Harvard’s Kennedy School of Government (KSG) is the recipient of a five-year $3.75 million donation from the Shell Exploration & Production Co., KSG Dean David T. Ellwood recently announced. The funds will be used to enhance and expand University research efforts on critical issues of energy policy.
The research will be conducted through multidisciplinary efforts spanning centers and Schools across Harvard designed to foster and incubate new ideas and policy solutions. Program funding will be administered by the Mossavar-Rahmani Center for Business and Government at KSG. Program partners include the Harvard University Center for the Environment, Harvard Business School, the KSG’s Belfer Center for Science and International Affairs, the Harvard Electricity Policy Group (HEPG), and the Energy Technology Innovation Program (ETIP).
“This generous contribution from Shell will provide Harvard University with funds necessary to move forward with exciting research on issues of critical importance to our global future,” said Ellwood. “The Kennedy School is pleased to lead this collaborative effort.”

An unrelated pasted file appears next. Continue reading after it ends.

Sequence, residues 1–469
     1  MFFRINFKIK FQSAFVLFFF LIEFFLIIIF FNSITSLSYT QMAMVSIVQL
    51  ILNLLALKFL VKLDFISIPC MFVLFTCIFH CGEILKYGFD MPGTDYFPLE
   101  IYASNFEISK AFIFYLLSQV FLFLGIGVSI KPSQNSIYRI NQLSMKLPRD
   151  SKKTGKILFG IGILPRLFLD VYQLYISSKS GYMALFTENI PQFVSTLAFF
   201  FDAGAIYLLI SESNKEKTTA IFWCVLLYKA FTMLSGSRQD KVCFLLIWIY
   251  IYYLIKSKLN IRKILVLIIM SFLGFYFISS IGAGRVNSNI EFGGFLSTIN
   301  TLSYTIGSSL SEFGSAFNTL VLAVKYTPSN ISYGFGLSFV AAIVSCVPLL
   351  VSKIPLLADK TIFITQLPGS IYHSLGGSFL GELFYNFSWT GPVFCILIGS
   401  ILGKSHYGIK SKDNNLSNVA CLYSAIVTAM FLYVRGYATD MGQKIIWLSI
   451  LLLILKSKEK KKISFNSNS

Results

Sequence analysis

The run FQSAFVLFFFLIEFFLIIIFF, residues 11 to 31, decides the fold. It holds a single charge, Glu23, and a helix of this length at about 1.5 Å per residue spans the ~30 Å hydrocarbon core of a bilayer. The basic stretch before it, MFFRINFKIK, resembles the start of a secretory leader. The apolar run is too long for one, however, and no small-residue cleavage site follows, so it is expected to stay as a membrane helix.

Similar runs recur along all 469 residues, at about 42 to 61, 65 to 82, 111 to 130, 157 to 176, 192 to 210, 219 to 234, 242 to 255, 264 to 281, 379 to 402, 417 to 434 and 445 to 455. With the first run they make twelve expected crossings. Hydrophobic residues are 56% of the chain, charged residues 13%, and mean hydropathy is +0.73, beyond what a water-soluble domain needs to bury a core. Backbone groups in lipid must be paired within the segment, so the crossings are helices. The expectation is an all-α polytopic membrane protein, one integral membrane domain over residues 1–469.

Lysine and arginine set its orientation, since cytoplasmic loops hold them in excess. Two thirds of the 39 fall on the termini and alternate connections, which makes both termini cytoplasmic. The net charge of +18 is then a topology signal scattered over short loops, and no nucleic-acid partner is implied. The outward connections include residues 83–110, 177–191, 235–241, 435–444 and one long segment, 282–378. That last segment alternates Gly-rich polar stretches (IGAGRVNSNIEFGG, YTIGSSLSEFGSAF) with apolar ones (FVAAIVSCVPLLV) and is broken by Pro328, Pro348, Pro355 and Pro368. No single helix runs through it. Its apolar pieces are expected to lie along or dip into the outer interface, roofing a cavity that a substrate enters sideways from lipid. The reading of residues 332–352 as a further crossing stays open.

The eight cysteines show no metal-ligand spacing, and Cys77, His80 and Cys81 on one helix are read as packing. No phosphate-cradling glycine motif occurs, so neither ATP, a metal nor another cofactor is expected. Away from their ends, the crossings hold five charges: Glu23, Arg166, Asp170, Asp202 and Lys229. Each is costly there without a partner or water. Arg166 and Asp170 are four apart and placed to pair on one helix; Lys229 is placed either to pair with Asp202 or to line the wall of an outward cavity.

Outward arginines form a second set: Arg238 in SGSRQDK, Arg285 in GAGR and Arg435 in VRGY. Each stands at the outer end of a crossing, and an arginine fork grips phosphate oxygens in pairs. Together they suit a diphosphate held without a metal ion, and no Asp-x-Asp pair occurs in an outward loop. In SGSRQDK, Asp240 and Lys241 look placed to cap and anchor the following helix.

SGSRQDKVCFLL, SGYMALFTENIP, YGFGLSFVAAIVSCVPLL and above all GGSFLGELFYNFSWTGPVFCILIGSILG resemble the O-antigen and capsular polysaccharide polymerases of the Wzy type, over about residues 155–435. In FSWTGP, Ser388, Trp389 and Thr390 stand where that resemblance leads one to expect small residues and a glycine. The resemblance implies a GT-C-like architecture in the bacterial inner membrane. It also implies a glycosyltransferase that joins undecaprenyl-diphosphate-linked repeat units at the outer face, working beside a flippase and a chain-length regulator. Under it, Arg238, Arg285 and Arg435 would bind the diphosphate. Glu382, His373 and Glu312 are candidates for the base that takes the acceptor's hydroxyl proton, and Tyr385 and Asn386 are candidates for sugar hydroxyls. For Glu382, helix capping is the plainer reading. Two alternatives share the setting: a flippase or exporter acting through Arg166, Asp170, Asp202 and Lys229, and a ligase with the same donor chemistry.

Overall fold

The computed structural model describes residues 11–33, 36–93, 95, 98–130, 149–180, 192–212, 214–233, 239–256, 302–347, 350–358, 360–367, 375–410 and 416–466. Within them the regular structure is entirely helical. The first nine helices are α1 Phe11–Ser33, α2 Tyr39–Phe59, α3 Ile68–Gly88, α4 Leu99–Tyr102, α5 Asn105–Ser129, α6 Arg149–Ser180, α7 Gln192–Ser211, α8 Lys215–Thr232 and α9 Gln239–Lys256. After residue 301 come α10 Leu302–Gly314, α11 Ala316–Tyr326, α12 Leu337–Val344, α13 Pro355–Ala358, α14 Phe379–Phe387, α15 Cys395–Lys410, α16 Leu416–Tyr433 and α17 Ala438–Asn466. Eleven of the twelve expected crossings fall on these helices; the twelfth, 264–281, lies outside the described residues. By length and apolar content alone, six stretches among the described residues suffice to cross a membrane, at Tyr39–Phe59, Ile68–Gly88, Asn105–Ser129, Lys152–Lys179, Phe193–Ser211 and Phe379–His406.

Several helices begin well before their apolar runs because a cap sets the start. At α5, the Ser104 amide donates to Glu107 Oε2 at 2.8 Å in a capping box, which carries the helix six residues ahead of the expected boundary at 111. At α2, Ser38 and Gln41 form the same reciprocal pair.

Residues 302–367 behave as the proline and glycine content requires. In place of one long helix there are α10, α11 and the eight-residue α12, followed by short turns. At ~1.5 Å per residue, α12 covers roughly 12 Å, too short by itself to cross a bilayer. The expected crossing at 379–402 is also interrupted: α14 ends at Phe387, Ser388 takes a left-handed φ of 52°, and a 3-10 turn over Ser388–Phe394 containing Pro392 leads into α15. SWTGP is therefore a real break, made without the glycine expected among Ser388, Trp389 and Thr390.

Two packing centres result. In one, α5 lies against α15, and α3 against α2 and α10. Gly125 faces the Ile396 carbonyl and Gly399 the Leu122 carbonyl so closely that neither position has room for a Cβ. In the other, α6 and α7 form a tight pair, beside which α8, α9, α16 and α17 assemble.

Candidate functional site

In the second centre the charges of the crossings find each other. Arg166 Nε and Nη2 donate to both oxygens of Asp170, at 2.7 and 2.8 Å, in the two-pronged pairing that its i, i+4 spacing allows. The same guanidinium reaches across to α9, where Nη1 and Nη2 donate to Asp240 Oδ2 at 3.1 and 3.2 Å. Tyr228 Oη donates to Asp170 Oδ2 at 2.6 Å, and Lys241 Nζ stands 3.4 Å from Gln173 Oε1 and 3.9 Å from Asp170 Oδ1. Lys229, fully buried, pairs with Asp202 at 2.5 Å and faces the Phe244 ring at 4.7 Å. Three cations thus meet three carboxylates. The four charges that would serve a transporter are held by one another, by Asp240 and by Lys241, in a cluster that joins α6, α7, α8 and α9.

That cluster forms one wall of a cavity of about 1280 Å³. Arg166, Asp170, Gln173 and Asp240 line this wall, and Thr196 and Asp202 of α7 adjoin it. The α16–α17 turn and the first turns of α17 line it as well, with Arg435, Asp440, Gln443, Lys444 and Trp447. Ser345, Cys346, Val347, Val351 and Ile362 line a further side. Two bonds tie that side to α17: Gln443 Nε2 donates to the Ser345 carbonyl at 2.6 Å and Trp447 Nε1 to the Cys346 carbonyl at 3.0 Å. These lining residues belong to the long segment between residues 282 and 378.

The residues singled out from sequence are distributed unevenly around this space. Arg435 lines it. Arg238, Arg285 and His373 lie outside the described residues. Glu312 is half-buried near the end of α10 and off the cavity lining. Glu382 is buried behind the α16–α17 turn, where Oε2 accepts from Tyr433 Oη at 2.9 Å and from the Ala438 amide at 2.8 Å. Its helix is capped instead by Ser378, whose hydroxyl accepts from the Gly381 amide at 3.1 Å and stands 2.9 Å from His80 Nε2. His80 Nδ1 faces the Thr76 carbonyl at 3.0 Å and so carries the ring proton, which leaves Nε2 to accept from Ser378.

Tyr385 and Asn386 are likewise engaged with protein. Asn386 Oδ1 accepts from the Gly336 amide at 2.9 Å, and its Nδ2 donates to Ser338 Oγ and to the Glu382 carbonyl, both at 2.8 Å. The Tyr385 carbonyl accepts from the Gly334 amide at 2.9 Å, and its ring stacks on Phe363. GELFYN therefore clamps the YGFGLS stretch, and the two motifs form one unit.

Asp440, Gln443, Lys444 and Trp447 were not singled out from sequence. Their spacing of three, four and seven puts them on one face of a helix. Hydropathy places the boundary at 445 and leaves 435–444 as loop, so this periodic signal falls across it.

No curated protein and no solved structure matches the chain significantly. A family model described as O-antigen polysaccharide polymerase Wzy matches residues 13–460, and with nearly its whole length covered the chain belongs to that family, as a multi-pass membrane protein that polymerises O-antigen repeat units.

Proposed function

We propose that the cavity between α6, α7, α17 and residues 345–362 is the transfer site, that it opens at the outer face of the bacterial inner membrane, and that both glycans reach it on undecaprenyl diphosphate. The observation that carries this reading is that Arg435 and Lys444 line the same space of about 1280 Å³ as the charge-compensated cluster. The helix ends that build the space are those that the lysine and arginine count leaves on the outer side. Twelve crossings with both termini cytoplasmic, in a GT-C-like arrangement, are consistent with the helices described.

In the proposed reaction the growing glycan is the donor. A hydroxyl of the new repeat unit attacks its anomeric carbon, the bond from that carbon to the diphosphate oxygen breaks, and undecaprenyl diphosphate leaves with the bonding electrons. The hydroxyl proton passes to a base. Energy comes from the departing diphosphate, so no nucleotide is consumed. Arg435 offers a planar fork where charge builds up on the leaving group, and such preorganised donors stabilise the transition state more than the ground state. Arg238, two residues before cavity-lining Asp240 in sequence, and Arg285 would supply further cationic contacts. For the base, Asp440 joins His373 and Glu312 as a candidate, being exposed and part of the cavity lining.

William Hogan, Raymond Plank Professor of Global Energy Policy and research director of HEPG, remarked, “From oil exploration to alternative fuels, from climate change to energy markets, immense energy policy challenges face us and the rest of the world and are growing more complex and urgent with each passing year. Harvard is positioned to bring together the range of knowledge and resources necessary to examine these questions and identify possible solutions.”
“Our nation is facing multiple hard truths about energy security, tight supply, growing demand, and climate change. Greater access to conventional resources and accelerated development of alternatives are both needed,” said Marvin Odum, executive vice president of Shell Exploration & Production Americas. “Shell believes research programs such as this can find workable, real-world solutions to some of our most pressing energy challenges.”
Under the terms of the commitment, Shell will provide $750,000 annually to Harvard over the next five years. The terms may then be renewed for another five years should all parties agree. Harvard, in turn, will continue to seek other funding sources to provide additional financial support for its ongoing energy research programs.